Monday, February 29, 2016

From Immigrant Shopgirl to Multi-Millionaire

When someone builds a multi-million dollar fortune from scratch, that's impressive. When it's a former immigrant shopgirl who amassed the million-dollar fortune by 1911, well, that's a story to be told.

The immigrant part of the story starts in 1853 when Clementine Cahn arrived from Germany with her parents and siblings. A few years later, at age 14, Clementine was a shopgirl in Manhattan. Maybe it's through her sales job that she met her husband, Morris Silverman - he was a fancy-goods merchant, specializing in lace, trimmings, and hats.

However they met, Morris and Clementine married in 1867 and the first of their six children arrived the next year. The growing family lived above their fancy-goods shop downtown, but Clementine and her children would one day build big apartment houses uptown - and not just any apartments, but buildings with modern amenities like elevators, electronic call buttons, cedar closets, and bathtubs.

Clementine Silverman and family living at 570 Third Avenue, 1870 U.S. Census


Before we get to the buildings and bathtubs, we need to talk about fire and family finances. In 1871, a fire broke out in Morris' fancy-goods shop on Third Avenue, and it seemed suspicious. When alerted to the fire during the night, Morris' calm demeanor was noted by the nightwatchman. As the fire got going, Morris and his wife were spotted leaving their apartment above the shop with their children, fully dressed, and carrying a packed trunk. It was also discovered that the $2000 worth of goods in the shop were insured for $20,000. Morris was arrested at the scene.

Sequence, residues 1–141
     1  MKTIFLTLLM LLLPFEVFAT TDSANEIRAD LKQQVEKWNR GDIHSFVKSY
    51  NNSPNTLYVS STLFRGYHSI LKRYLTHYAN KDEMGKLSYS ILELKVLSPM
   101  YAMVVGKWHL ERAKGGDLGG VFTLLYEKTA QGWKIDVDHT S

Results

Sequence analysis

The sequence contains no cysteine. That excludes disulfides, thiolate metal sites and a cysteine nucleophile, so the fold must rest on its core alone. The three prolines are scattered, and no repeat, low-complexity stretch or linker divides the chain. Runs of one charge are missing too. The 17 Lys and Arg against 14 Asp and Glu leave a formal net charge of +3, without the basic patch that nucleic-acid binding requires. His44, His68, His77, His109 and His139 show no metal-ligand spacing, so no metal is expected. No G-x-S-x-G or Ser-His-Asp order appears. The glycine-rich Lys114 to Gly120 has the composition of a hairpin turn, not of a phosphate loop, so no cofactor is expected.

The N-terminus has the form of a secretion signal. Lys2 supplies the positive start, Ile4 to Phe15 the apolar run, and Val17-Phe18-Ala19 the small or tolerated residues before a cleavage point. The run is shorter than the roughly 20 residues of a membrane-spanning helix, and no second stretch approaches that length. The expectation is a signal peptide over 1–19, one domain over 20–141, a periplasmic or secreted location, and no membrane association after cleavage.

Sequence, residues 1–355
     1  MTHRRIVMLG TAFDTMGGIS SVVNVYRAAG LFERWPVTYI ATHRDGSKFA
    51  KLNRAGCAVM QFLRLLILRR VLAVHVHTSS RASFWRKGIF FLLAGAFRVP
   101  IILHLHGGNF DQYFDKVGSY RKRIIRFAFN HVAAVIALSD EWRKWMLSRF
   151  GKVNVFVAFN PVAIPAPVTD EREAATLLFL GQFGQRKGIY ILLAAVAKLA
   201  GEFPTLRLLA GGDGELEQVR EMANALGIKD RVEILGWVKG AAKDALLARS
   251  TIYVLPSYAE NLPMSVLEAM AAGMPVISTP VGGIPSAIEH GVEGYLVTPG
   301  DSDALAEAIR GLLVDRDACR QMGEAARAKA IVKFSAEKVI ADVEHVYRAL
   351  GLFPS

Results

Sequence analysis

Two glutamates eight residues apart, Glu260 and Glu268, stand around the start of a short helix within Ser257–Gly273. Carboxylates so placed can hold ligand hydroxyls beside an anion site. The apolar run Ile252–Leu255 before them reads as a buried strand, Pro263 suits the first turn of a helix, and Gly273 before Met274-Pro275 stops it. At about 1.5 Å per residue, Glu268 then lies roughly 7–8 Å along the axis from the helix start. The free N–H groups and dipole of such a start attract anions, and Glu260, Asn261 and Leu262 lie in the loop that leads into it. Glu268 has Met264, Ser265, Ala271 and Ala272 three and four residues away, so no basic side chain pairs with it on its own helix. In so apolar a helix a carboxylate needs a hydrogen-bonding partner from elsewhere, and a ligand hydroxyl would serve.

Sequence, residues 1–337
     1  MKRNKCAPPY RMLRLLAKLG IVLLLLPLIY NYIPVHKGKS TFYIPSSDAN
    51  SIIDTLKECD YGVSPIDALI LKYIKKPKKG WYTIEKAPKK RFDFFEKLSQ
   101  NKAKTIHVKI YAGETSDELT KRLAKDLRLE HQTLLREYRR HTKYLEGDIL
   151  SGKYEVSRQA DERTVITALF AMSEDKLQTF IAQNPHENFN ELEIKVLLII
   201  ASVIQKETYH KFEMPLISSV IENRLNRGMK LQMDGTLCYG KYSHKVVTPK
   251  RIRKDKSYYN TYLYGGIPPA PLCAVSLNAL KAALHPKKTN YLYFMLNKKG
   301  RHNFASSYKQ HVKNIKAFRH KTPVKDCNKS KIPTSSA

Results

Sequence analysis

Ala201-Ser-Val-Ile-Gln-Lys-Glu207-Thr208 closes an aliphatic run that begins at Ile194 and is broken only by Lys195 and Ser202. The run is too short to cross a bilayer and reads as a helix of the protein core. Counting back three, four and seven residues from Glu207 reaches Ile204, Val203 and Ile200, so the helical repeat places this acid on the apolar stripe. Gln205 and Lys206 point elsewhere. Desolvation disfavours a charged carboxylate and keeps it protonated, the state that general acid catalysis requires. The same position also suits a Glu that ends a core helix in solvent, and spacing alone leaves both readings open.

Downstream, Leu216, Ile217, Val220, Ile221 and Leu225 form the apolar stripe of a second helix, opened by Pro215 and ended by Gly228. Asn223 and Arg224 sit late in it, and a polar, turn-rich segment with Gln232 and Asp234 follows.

I don't know what became of the suspected arson case, but Clementine and Morris had more children in quick succession, so I'm assuming life continued as usual. Business continued as usual as well, and, unfortunately, that meant the family was in debt. Morris wasn't able to run his business successfully, and Clementine stepped in.

Clementine handled the business of caps and lace manufacturing well enough that she was able to support the family and save money to buy a house in Harlem. She didn't hold the uptown property for long, and when she sold it, she made a nice little profit. That profit provided inspiration to purchase more property, and at 50 years old with no experience in the field, Clementine started her career in real estate and construction.


It was during this era, in the 1890s, when photojournalist Jacob Riis published pictures of tenements on the lower east side of the city, exposing the conditions of that crowded neighborhood. At that time, tenants in tenements shared toilets and cold-water taps on the ground floor. People heated water to fill portable tubs in their kitchen to bathe. In 1895, the state mandated public baths in large cities, and in 1901, apartment buildings were required by law to have a toilet for every two families. Bathtubs remained a status symbol and were not found in most apartments.

Clementine raised six children in New York City, and I suspect she knew a thing or two about the convenience of a private bathtub. When her children were young, there was at least one documented case of communicable disease - typhoid fever - in the building where they lived on Wooster Street. People desire to live comfortably, and that includes preventing diseases as well as avoiding neighbors at the toilet and sink. Clementine would have been acutely aware of how people lived in the city and she knew what they could use in their homes. When she became a builder, one of her first decisions was to install private bathtubs in her constructions, even before the city required them.

Never mind that the tenants used the new bathtubs to store coal.